There are many technologies that can help measure PR. Start by integrating with marketing and sales. Integrate with your marketing automation platform, CRM, Google Analytics, social media management tools, account-based marketing ABM technologies, and other relevant solutions. You can check out G2's list of Best Marketing and Digital Advertising products.
Start with a strategic alignment map to create a PR measurement framework. Identify your objectives and key results (OKRs) and what your business needs to do to achieve them.
This map should contain your strategic business goals and identify the critical milestones and achievements required for achieving the set goals.
Then work on your PR comes: how will your PR strategy shape and drive success?
Finally, look at the hard PR KPIs: how does your PR program impact you, are you meeting your goals, and how much do you improve over time?
The PR tactics you invest in should drive and influence the KPIs and mid-level goals, which also drive your outcomes. Map everything together with intentionality and purpose, and partner with key stakeholders across the business to ensure alignment.
For global PR programs, create multiple frameworks. Leverage a core corporate PR strategy to guide local activities and develop supporting strategies and specific measurement frameworks for your key regions. Report both globally and locally and share what’s working across markets. Your wins in one market can often be repurposed and localized for another.
Before you run, understand the stakes
Don’t shy away from PR because it’s hard to measure. The stakes are too high for that.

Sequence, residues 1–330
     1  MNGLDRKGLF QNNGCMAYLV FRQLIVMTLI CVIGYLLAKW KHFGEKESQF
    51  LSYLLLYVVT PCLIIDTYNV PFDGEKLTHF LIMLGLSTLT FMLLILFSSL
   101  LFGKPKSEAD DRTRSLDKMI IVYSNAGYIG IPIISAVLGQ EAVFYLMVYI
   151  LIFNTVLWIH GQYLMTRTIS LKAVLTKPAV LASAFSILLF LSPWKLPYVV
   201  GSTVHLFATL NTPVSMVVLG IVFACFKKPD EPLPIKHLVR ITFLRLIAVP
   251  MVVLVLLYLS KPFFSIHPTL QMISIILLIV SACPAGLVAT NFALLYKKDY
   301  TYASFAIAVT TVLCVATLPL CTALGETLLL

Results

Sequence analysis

The pandemic ushered in a digital disruption that accelerated SaaS competition and expanded addressable markets. This also created opportunities and made it much harder to stand out.
Take supply chain technology as an example. Few paid attention to supply chain management two years ago. Contrary to this, supply chain startups raised over $24.3 billion in venture funding in the first three quarters of 2021, 58% more than in 2020.
Talk about an increase in competition and noise. In such cases, doing nothing is even worse than it seems because your competitors won’t sit still. The mindshare gap increases every day they act, and you sit idle.
Another critical point: our society struggles to trust. Blame it on politics, the pandemic, broken promises, or something else entirely. Either way, this dynamic translates into the workplace and affects everything from sales to hiring.
While PR won’t solve our society’s trust issues, good PR is essential as it solves PR crises and builds credibility, increases favor, and reduces skepticism across the sales cycle.
Remember that PR is a means – not an end.
Marketers have long struggled to quantify the impact of PR. Part of the problem is the BS vanity metrics that agencies and communicators pushed for so long. Another potentially significant issue: too many folks are afraid to admit that PR is a means, not an end.
When you think about PR more holistically and recognize that it’s part of something bigger and not a standalone investment, it becomes easier to measure impact and value. Think of PR as a journey and an enabler, not a single action or event.
That said, don’t stand for vague promises or service agreements. PR must drive business outcomes.
Your team and partners should show three things at a minimum:
What results did they generate?
Were the results effective and valuable?
How did the results help advance your strategic objectives?
The third question is the most important. When you connect your program to your end objectives, you can measure how it’s helping you with what matters most – growth, new product launches, hiring, strategic exits, and more. We can all agree this is much better than the vanity metrics.
Public relations can be tricky and getting it right isn't the easiest of tasks. Learn everything you need to know about PR.
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Greg Hakim is CEO of
Corporate Ink, a B2B tech PR and content marketing agency specializing in supply chain and procurement, enterprise risk, AI and automation, workforce management tech and sustainability.
Is PR driving you crazy?